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dc.contributor.authorBates, S.
dc.contributor.authorThornton, D.
dc.contributor.authorBailes, M.
dc.contributor.authorBarr, E.
dc.contributor.authorBassa, C.
dc.contributor.authorBhat, Ramesh
dc.contributor.authorBurgay, M.
dc.contributor.authorBurke-Spolaor, S.
dc.contributor.authorChampion, D.
dc.contributor.authorFlynn, C.
dc.contributor.authorJameson, A.
dc.contributor.authorJohnston, S.
dc.contributor.authorKeith, M.
dc.contributor.authorKramer, M.
dc.contributor.authorLevin, L.
dc.contributor.authorLyne, A.
dc.contributor.authorMilia, S.
dc.contributor.authorNg, C.
dc.contributor.authorPetroff, E.
dc.contributor.authorPossenti, A.
dc.contributor.authorStappers, B.
dc.contributor.authorvan Straten, W.
dc.contributor.authorTiburzi, C.
dc.identifier.citationBates, S. and Thornton, D. and Bailes, M. and Barr, E. and Bassa, C. and Bhat, R. and Burgay, M. et al. 2015. The High Time Resolution Universe survey - XI. Discovery of five recycled pulsars and the optical detectability of survey white dwarf companions. Monthly Notices of the Royal Astronomical Society. 446 (4): pp. 4019-4028.

We present the discovery of a further five recycled pulsar systems in the mid-Galactic latitude portion of the High Time Resolution Universe survey. The pulsars have rotational periods ranging from 2 to 66 ms, and four are in binary systems with orbital periods between 10.8 h and 9 d. Three of these binary systems are particularly interesting; PSR J1227-6208 has a pulse period of 34.5 ms and the highest mass function of all pulsars with near-circular orbits. The circular orbit suggests that the companion is not another neutron star, so future timing experiments may reveal one of the heaviest white dwarfs ever found (>1.3 M☉). Timing observations of PSR J1431-4715 indicate that it is eclipsed by its companion which has a mass indicating it belongs to the redback class of eclipsing millisecond pulsars. PSR J1653-2054 has a companion with a minimum mass of only 0.08M☉, placing it among the class of pulsars with low-mass companions. Unlike the majority of such systems, however, no evidence of eclipses is seen at 1.4 GHz.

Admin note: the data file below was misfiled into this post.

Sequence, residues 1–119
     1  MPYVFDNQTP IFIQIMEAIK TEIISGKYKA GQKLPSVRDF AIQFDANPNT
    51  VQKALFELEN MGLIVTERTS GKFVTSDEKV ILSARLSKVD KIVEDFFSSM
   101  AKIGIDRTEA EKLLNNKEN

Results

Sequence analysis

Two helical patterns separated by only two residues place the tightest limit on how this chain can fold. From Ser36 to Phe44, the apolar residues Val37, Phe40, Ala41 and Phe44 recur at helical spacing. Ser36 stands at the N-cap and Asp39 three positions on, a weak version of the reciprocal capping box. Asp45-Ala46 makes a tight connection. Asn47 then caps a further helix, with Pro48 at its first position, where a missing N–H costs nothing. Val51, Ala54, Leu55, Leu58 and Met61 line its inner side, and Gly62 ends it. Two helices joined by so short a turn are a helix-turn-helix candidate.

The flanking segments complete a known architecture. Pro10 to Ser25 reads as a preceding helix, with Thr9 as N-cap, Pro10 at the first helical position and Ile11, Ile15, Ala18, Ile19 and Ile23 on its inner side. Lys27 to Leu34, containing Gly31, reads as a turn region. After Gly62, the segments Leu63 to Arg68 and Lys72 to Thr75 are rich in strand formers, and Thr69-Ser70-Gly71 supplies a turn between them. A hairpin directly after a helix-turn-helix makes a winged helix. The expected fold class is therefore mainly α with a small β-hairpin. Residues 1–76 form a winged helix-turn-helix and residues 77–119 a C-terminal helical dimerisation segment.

dc.publisherOxford University Press
dc.titleThe High Time Resolution Universe survey - XI. Discovery of five recycled pulsars and the optical detectability of survey white dwarf companions
dc.typeJournal Article
dcterms.source.titleMonthly Notices of the Royal Astronomical Society

This article has been accepted for publication in Monthly Notices of the Royal Astronomical Society ©: 2014 The Authors. Published by Oxford University Press on behalf of the Royal Astronomical Society. All rights reserved.

curtin.departmentCurtin Institute of Radio Astronomy (Physics)
curtin.accessStatusOpen access

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